Latest Clovis culture Stories
By Sandi Doughton SEATTLE - Hold the potty humor, please, but archaeologists digging in a dusty cave in Oregon have unearthed fossilized feces that appear to be the oldest biological evidence of humans in North America. The ancient poop dates back 14,300 years.
DNA from fossil feces discovered by an international team in south-central Oregon is providing the strongest new evidence that humans inhabited North America up to 1,000 years earlier than previously suspected.
By Steve Connor Science Editor Textbook accounts of how the Americas were first populated may have to be re-written after the discovery in Oregon of the oldest human DNA ever recorded.
Researchers recovered human DNA dating back 14,300 years from dried excrement found in Oregon's Paisley Caves. Anthropologist Dennis Jenkins of the University of Oregon said the DNA is the oldest ever found in the New World, the university said Thursday in a release.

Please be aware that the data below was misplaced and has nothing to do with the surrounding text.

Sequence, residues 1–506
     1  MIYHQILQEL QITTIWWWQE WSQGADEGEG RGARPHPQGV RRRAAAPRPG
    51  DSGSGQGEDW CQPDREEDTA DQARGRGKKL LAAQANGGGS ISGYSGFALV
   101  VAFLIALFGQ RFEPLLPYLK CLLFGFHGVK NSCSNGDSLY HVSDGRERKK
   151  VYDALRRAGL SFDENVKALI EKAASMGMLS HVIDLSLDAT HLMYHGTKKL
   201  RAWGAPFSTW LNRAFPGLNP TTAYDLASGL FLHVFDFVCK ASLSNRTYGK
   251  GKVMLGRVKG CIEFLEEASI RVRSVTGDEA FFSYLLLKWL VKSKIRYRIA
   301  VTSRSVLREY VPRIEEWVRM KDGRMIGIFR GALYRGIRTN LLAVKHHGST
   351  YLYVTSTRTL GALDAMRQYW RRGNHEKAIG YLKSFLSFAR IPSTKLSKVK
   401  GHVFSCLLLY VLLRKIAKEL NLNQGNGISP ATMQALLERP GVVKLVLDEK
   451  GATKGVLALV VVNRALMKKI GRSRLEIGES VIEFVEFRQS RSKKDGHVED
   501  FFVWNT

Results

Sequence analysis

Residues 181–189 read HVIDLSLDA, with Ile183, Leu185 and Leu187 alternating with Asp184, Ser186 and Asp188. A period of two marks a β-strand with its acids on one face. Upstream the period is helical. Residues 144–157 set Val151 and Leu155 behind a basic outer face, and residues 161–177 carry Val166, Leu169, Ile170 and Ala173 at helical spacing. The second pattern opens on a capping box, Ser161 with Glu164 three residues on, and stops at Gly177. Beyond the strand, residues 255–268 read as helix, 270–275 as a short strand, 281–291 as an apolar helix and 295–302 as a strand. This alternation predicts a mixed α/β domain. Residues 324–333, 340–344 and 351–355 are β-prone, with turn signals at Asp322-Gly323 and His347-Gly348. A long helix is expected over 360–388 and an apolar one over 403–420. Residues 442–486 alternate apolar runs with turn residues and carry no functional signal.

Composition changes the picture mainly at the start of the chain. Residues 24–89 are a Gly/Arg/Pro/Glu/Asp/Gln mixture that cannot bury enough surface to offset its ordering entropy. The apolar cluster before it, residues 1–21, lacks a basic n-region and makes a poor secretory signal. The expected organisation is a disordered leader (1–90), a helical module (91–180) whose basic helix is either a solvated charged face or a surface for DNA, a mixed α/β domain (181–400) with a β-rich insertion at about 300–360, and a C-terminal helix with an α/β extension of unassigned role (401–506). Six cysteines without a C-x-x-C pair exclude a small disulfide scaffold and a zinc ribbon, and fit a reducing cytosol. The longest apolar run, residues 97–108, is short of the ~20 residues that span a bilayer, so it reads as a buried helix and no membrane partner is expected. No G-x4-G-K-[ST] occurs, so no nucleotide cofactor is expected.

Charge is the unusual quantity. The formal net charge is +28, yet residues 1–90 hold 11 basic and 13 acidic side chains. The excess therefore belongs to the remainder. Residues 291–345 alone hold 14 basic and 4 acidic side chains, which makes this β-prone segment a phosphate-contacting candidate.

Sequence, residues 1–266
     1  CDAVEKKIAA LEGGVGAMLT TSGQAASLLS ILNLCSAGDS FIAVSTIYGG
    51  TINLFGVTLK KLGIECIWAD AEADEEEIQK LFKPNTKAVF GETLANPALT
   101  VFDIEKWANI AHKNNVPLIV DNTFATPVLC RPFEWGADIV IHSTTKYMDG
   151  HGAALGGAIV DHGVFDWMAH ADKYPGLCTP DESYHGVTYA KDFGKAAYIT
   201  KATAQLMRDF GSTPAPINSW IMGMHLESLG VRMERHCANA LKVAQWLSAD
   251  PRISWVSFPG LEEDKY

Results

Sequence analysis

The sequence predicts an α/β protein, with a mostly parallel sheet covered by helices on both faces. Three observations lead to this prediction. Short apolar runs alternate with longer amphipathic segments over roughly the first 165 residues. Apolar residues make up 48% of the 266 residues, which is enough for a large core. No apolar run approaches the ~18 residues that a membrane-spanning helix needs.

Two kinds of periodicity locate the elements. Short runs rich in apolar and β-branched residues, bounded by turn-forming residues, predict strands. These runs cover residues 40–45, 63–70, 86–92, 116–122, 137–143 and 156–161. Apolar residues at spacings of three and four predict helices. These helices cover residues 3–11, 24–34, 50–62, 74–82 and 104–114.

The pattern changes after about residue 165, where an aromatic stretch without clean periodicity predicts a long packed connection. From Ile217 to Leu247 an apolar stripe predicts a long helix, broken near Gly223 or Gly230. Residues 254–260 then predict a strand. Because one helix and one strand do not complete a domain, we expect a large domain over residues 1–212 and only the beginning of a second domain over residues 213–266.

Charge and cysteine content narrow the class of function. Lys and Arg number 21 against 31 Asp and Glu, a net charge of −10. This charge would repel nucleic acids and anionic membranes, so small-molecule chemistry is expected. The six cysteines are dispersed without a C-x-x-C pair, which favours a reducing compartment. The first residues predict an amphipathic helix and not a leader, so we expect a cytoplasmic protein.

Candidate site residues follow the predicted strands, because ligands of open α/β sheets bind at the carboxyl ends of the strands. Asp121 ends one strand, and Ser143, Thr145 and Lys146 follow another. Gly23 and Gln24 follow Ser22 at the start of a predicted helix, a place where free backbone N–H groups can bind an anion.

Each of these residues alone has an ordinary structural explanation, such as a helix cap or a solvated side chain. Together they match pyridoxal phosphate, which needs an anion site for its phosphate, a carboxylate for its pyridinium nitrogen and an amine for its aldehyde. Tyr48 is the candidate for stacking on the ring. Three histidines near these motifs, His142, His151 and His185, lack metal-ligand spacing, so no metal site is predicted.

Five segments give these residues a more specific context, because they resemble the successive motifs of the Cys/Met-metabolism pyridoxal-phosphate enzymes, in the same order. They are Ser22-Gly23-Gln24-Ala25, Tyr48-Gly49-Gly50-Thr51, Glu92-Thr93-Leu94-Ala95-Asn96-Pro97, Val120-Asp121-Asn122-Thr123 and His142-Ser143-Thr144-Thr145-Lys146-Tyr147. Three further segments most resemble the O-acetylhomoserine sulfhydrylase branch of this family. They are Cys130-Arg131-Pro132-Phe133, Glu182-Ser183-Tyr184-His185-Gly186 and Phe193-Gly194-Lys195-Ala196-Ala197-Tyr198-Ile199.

Scientists, including University of Oregon archaeologist Jon Erlandson, cite radiocarbon dating of bones at coastal archaeological sites
By Fagan, Brian Archaeology continues to be an irresistible lure to publishers, broadcasters and the general public. And the last fifteen years have seen an extraordinary number of spectacular finds across the globe and equally spectacular revelations from ever more sophisticated lab techniques.
New scientific findings suggest that a large comet may have exploded over North America 12,900 years ago, explaining riddles that scientists have wrestled with for decades, including an abrupt cooling of much of the planet and the extinction of large mammals.
There's a new extraterrestrial suspect in the mysterious, highly debated disappearance of the woolly mammoth some 12,900 years ago. Scientists say the culprit was likely a comet that exploded in the atmosphere.
A distant supernova that exploded 41,000 years ago may have led to the extinction of the mammoth. This theory joins the list of possible culprits responsible for the demise of mammoths, which last roamed North America roughly 13,000 years ago. Scientists have long eyed climate change, disease, or intensive hunting by humans as likely suspects.
The discovery of a carved obsidian spear point indicates that the earliest humans in what is now Idaho apparently spent time in the area's mountains as well as its canyons.
- Withering but not falling off, as a blossom that persists on a twig after flowering.